September 15, 2015 6:15 pm  #52


Re: John's evovlement throughout the show

RavenMorganLeigh wrote:

Vhanja wrote:

Then we view it a bit differently. I think Sherlock has been quite horrible towards John several times. Humiliating him in public, drugging him and scaring him senseless as an experiment, having John believe he was going to die just to force a forgiveness from him... being called "drama queen" can't really live up to that standard of cruelty in my book.

There is actually only one line that I feel was a bit cruel from John to Sherlock. And that was his "We are not naming our daughter after you" in the tarmac scene. I just felt it was completely unneccesary to underline that when they think they will never meet again.

So to me, they both have their share of rudeness to each other. I don't feel comfortable having only one of them taking the flak for their bickering and sometimes over-the-line remarks or actions, because they've both done it several times.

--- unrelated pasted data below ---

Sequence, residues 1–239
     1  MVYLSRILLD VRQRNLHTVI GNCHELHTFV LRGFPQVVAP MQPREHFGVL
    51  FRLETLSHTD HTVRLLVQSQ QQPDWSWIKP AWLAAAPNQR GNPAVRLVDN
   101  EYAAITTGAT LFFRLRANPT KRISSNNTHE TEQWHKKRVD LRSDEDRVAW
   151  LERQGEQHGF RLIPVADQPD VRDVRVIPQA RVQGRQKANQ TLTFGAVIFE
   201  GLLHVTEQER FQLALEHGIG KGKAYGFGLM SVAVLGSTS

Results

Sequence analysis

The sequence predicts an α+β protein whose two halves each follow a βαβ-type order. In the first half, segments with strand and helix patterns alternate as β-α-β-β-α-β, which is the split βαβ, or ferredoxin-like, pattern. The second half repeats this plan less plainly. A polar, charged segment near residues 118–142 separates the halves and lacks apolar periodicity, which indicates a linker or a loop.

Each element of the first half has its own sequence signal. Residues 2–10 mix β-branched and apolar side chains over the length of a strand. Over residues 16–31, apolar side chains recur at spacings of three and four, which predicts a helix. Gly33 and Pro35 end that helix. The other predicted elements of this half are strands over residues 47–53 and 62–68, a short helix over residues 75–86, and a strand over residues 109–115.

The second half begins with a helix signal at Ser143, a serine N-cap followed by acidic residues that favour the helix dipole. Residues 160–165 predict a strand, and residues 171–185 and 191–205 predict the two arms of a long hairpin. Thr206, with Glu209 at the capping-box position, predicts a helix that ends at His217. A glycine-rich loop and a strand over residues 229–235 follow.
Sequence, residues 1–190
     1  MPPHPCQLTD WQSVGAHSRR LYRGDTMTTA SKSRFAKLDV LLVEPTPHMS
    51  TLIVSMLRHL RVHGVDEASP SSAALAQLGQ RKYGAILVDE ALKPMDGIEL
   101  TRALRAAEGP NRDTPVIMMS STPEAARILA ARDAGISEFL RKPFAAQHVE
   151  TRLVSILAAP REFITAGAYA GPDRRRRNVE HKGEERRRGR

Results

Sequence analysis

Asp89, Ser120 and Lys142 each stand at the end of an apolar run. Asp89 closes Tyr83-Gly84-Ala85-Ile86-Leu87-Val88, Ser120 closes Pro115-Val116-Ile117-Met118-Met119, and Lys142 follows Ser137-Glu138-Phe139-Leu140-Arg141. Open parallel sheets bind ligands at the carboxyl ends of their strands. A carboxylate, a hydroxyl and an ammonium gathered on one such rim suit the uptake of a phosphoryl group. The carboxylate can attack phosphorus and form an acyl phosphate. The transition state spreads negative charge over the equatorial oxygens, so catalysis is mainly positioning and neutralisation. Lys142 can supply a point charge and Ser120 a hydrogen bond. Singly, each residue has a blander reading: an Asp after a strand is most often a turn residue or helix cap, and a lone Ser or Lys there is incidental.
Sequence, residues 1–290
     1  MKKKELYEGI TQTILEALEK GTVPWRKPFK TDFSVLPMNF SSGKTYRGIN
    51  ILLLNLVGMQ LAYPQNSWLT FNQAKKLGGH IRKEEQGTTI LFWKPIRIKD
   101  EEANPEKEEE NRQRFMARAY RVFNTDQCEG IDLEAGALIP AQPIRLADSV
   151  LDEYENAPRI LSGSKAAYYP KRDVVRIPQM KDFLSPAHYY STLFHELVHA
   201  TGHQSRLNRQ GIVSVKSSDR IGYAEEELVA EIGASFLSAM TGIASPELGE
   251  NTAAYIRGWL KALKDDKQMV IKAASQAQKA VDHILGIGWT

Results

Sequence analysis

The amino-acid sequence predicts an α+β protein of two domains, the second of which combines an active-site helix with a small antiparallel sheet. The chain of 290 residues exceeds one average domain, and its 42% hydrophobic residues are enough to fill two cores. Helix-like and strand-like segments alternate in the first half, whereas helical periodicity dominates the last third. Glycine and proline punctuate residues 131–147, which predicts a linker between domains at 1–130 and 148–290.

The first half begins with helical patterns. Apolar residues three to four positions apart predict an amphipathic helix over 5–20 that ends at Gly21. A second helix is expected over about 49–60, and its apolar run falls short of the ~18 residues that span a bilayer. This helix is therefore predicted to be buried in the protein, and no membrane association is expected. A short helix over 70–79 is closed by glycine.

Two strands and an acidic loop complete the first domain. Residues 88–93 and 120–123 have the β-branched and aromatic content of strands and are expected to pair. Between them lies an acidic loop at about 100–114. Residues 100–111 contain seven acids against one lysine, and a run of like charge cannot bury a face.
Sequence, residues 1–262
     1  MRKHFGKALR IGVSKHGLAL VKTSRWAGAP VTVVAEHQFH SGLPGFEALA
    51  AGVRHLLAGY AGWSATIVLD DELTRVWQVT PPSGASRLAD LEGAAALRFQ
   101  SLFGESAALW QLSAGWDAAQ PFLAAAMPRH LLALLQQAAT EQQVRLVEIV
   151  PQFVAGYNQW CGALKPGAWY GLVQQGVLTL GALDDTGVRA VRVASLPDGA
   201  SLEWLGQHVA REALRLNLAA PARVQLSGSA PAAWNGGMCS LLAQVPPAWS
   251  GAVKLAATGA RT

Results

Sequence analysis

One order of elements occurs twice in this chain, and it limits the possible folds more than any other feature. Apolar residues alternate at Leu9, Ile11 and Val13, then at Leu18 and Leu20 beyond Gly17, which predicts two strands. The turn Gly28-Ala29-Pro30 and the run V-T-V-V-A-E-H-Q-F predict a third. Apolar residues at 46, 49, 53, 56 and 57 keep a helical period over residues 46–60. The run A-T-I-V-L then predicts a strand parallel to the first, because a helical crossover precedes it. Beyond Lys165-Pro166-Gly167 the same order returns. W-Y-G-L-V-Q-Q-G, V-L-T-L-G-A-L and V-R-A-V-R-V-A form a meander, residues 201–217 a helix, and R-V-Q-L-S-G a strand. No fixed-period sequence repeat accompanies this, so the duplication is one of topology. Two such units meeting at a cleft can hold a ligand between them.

Are you saying that you feel that this conversation-- meaning discussion of John's shortcomings-- really should only be held if we point out correspondingly bad behavior of Sherlock's at the same time? Meaning- John did so and so-- but of course, what Sherlock did was worse?  Sort of like the tally sheet has to be equal on both sides? 

The thing is, I don't think anyone's bashing John-- it's certainly not the intent-- but , whenever John's character is discussed and we come to some of his less savory moments, the discussion is usually shut down by people going on about how much worse Sherlock is, and so-- no discussion.

Or is John off limits? 

I am very respectfully asking, because I'm not sure how to frame things for this discussion, and not sure if it's a discussion that can actually happen. People's feelings seem to get very hurt, whenever anyone says something less than flattering about John, and that's not anyone's intent. So, I'm asking --not just you, Vhanja, but everyone-- is it possible to discuss the "faults" of the characters, without getting people upset? 


 

I see your point, and I am the first to admit that I quickly get defensive of John. It happens because in my very personal and subjective view, I feel the criticism is very unbalanced. Sherlock's behaviour is usually understood ("Yeah, but he did it because of this and that, so I understand why he did it"), whileas John isn't always given the same courtesy, I feel.